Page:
1. The following question has been referred to this Bench for opinion:--
'Whether the act of a driver of a vehicle in giving lift to a person, in disregard of any statutory rule or prohibition, while driving the vehicle in execution of the owner's business, can be held to be the performance by the servant of an act for which the owner of the vehicle cannot be held vicariously liable?'
2. The facts giving rise to the aforesaid question have been set out in the order of reference. It has been found that appellant No. 2 was employed by appellant No. 1 as a driver of his vehicle for the purpose of transporting goods from Udaigarh to Indore, that the accident took place while the vehicle was being so driven by appellant No. 2, that appellant No. 2 was not prohibited by appellant No. 1, from giving lift to anyone in the truck when the goods were to be transported from Udaigarh to Indore, and that the deceased who was the owner of the goods which were being transported from Udaigarh to Indore, was riding in the truck at the material time with the consent of the driver, appellant No. 2. It was also found that the accident took place as a result of negligent driving of the vehicle by appellant No. 2. Appellant No. 1, the owner of the vehicle, however denied his liability for the aforesaid negligent act of his servant on the short ground that the servant had in disregard of Rule 105 framed under the Motor Vehicles Act, 1939 providing that no person should be carried in a goods vehicle other than a bona fide employee of the owner or the hirer of the vehicle. Relying on a decision reported in Bhaiyalal v. Rajrani (AIR 1960 Madh Pra 147), it wasurged that as there was a prohibition existing in consequence of a statutory rule and as the servant had acted in disregard of the statutory rule, the owner could not be held vicariously liable for the act of the servant. The Division Bench doubted the correctness of the proposition enunciated in Bhaiyalal v. Rajrani (supra) and has, in consequence, made this reference. It is in these circumstances that the question has come up before us for consideration.
3. Before we proceed to consider the question referred to us, it would be useful to have a brief look at the historical origin of the doctrine of vicarious liability. We cannot do better than reproduce the following passage in the judgment delivered by Scarman LJ reported in Rose v. Plenty (1976 Acc CJ 387).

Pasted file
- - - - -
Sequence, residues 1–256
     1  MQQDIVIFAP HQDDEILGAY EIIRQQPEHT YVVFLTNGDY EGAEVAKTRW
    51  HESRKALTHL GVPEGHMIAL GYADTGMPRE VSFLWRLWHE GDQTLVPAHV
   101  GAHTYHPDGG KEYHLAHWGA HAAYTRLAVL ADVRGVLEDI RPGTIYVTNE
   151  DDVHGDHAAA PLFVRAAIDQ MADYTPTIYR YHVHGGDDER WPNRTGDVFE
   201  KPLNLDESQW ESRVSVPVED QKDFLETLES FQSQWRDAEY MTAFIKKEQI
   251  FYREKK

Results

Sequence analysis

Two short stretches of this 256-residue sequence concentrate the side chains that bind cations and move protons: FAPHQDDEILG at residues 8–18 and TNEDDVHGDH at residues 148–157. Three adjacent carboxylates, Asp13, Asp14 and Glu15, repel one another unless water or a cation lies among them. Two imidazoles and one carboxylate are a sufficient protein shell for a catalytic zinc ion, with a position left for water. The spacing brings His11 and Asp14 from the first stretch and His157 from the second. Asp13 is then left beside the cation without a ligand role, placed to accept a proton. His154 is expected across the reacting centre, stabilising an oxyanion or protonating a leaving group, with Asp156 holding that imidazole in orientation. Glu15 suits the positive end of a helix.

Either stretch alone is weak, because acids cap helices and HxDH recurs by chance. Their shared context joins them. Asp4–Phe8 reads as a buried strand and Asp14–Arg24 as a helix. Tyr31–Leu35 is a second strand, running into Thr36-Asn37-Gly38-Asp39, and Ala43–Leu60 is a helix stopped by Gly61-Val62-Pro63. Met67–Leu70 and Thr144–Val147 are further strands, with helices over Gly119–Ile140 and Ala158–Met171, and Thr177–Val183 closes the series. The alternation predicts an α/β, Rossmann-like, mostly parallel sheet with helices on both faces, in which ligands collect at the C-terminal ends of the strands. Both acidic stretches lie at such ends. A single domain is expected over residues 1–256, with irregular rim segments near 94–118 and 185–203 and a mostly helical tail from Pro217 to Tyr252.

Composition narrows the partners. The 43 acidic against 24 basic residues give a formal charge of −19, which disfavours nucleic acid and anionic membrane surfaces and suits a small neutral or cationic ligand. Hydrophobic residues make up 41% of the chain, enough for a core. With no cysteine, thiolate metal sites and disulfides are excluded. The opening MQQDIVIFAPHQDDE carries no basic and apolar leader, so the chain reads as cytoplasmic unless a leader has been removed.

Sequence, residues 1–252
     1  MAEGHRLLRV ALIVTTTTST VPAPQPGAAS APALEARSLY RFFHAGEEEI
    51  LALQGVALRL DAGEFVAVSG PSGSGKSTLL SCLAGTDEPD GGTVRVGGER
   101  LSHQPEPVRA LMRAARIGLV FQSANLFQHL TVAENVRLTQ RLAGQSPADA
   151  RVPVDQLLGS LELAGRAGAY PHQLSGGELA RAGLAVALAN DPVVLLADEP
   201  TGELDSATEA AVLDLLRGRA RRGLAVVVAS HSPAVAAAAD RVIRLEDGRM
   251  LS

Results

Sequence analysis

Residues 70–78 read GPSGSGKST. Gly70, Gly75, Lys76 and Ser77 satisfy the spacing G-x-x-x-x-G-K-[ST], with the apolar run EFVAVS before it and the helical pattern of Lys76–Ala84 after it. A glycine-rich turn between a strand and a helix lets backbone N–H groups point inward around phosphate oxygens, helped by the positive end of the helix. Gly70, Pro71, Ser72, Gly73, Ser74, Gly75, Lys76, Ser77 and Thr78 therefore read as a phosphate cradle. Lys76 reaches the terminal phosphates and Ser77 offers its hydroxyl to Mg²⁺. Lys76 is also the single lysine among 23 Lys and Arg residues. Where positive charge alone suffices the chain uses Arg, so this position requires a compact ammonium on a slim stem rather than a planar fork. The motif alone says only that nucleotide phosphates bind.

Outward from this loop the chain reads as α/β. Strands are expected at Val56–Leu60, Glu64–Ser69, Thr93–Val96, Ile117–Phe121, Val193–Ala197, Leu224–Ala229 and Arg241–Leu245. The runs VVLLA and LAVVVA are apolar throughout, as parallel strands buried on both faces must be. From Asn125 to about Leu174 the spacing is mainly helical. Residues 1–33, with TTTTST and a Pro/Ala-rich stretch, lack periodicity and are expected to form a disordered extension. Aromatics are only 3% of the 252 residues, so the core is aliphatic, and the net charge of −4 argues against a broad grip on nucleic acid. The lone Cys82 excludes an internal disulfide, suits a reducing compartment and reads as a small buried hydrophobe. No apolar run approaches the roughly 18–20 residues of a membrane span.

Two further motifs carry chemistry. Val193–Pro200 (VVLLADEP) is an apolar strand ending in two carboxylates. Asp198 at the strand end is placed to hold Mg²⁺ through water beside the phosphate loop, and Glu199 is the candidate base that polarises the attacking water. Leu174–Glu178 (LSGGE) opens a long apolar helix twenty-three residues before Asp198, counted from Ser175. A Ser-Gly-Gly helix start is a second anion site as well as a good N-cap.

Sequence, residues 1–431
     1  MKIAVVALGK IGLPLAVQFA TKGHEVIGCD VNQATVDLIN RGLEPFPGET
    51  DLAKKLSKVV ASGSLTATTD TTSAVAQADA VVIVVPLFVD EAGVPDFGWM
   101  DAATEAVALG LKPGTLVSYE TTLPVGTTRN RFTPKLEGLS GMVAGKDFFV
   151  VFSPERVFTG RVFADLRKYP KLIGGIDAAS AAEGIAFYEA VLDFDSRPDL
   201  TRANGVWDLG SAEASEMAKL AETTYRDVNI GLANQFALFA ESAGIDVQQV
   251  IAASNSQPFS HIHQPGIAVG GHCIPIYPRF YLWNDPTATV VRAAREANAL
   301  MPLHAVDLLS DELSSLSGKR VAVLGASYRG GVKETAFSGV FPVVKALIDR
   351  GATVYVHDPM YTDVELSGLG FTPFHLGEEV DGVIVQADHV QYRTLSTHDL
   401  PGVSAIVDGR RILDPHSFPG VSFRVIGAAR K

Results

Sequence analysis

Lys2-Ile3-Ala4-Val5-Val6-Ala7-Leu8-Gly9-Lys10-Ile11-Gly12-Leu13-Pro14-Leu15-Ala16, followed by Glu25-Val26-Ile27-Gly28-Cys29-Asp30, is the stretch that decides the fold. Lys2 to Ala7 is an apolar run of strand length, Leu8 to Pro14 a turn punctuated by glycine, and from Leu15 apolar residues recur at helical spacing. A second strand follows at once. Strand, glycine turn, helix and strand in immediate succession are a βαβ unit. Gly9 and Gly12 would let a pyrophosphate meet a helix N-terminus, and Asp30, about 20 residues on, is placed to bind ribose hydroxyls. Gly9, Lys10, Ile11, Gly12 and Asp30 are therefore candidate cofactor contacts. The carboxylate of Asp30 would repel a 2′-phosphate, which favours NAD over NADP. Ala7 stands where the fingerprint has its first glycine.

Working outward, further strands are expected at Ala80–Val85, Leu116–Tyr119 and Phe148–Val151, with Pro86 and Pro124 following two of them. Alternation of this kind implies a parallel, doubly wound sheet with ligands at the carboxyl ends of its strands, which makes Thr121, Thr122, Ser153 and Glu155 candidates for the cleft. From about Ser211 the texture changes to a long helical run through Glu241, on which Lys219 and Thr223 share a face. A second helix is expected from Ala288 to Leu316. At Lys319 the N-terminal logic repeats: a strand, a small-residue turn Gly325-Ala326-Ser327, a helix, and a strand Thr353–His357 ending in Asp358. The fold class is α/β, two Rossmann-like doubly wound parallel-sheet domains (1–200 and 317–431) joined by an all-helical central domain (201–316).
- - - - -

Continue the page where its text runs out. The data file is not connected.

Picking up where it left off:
'Let me begin with a statement of the general principle of vicarious liability, as I understand it in its application to compensation for accidental damage. In words which have frequently been quoted both in the Courts and in the Universities. Salmond on Torts (16th Edn. 1973, p. 462) refers to the basis of vicarious liability for accidental damage as being one of public policy. That view is supported by quotations (dated no doubt, but still full of lift) of a dictum of Lord Brougham (Duncan v. Findlater (1839) 6 C1 & Fin 894 at 910) and of another, one hundred years or more earlier of Sir John Holt (Hern v. Nichols (1701) 1 Salk 289). That it is socially convenient and rough justice (I. C. I. Ltd. V. Shatwell (1964) 2 All ER 999 at 1012) to make an employer liable for the torts of his servant in the cases to which the principle applies, was recognised in Limpus v. London General Omnibus Co. (1862-1 H & C 52ft). See the judgment of Wiles, J. (1 H & C 539). I think it important to realise that the principle of vicarious liability is one of public policy. It is not a principle which derives from a critical or refined consideration of other concepts in the common law e.g. the concept of trespass or indeed the concept of agency.'
Therefore, the concept of trespass or the concept of agency in determining the master's liability for the acts of his servants is, in our opinion, not relevant The only relevant considerations, before the master is held liable for the act of his servant, are whether the servant is liable and whether the act is done by the servant in the scope or course of his employment. In Young v. Edward Box& Co. Ltd. ((1951) 1 TLR 789), Lord Justice Denning stated the proposition thus:
'The next question is how far the employers are liable for their servant's conduct. In order to make the employers liable to the passenger it is not sufficient that they should be liable for their servant's negligence in driving. They must also be responsible for his conduct in giving the man a lift. If the servant has been forbidden, or is unauthorised, to give anyone a lift, then no doubt the passenger is a trespasser on the lorry so far as the owners are concerned, but that is not of itself an answer to the claim xxx. In my opinion, when the owner of a lorry sends his servant on a journey with it, thereby putting the servant in a position, not only to drive it, but also to give people a lift in it, then he is answerable for the manner in which the servant conducts himself on the journey, not only in the driving of it, but also in giving lifts in it, provided, of course, that in so doing the servant is acting in the course of his employment'.